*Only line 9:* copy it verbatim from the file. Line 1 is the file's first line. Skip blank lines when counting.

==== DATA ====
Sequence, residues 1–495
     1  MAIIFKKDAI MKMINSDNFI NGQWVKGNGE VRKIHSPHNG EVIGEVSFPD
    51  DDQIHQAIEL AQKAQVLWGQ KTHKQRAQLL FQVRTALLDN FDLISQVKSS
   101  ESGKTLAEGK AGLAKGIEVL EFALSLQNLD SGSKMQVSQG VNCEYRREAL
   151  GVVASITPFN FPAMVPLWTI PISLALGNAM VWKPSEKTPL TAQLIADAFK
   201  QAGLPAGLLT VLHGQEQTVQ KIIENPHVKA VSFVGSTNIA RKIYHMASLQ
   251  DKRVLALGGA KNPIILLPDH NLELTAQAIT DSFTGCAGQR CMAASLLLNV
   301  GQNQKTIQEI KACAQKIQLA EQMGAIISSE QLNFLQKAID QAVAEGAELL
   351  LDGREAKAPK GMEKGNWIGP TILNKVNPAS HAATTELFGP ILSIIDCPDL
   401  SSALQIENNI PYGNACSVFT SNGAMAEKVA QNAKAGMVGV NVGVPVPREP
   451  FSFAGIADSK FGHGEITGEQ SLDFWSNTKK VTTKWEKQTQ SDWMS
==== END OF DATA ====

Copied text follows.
   351  LDGREAKAPK GMEKGNWIGP TILNKVNPAS HAATTELFGP ILSIIDCPDL